The magical beings in the Tale of Shikanoko, meanwhile, are often the most interesting characters in the tale. Both the Spider Tribe and the tengu operate with alien moral compasses, and the way the five Spider boys gradually develop their own ways of existing in cooperation with or opposition to humans was the storyline I found myself most invested in. The tengu who trains the spider-child Mu and Shikanoko's son Takeyoshi, meanwhile, seems to swing between the roles of wise mentor and comic animal sidekick. He introduces himself by declaring, "you can call me Tadashii, because I am always right" (Book 3, p. 211).

In this case, he isn't. If Hearn wanted to reflect historical linguistics (Pritchett's review very graciously offered this as an excuse for "snow country" being rendered as "yukikuni" rather than the standard "yukiguni"), it would have been Tadashi (which, written differently, passes for a given name) or Tadashiki, depending on whether the adjective is meant to modify a noun. (In the early Kamakura period, the time which corresponds most closely to Shikanoko's setting, the two shiku and ku adjective classes had not yet collapsed into the modern i-adjective used here.)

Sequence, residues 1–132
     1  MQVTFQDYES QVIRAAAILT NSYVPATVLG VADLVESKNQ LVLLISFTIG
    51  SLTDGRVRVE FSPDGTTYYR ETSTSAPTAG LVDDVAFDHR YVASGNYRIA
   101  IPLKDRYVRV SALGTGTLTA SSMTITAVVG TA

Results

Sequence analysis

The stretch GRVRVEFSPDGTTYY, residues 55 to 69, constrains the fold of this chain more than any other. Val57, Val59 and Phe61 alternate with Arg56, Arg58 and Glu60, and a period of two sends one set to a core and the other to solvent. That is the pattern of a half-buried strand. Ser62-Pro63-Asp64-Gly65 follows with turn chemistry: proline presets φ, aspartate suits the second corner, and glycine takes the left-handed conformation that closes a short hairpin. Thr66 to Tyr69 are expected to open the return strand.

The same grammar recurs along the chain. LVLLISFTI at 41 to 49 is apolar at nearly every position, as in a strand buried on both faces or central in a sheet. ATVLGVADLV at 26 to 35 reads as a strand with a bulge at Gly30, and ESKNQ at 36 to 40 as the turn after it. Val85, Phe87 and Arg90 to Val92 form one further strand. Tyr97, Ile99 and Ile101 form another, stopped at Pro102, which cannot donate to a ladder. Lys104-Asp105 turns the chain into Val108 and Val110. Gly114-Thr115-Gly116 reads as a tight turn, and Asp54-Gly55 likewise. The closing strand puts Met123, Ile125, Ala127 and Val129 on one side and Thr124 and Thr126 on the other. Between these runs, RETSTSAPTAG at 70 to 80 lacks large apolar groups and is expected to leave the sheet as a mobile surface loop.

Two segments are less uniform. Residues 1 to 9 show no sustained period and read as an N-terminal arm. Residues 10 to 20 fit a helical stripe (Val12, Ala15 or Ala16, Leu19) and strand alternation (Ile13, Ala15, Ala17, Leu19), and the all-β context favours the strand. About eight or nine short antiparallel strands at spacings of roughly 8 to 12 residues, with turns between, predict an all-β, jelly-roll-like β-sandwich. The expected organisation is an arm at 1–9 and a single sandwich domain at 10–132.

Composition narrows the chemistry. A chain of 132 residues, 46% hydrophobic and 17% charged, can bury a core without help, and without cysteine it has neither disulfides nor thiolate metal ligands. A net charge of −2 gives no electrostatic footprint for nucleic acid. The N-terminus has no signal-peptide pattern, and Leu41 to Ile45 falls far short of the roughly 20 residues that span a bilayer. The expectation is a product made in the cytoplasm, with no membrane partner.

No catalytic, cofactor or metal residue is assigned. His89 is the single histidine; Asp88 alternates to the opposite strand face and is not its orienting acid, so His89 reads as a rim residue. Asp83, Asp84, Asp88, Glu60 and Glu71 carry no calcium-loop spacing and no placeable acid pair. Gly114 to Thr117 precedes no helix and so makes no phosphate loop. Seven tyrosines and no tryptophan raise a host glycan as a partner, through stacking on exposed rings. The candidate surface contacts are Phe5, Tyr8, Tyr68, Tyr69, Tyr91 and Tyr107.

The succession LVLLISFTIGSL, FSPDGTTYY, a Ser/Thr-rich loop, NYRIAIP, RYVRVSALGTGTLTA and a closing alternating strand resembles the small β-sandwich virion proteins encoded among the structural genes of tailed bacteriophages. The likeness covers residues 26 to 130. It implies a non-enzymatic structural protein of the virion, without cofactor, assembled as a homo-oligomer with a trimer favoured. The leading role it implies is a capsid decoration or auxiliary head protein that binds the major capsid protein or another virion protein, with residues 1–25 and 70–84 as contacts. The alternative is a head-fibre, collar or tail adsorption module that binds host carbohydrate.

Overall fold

There are larger problems than these in the Tale of Shikanoko, of course. But Hearn has obviously done a lot of research in the course of writing these books, so the places where she diverges from history or established myth are jarring—like stepping on air where you expected stairs.

Hearn has somewhat diversified her female characters, who in the previous volumes fulfilled standard victim or seductress tropes, with the introduction of Bara/Ibara, a servant woman who learns to fight in pursuit of revenge. Unfortunately, I felt that I didn't get to spend as much time with Bara/Ibara as I wanted to, as she only gets one POV chapter in each book. The lack of time spent on her also causes her romance to feel rushed, though I thought this was a consistent problem with all the relationships in the book.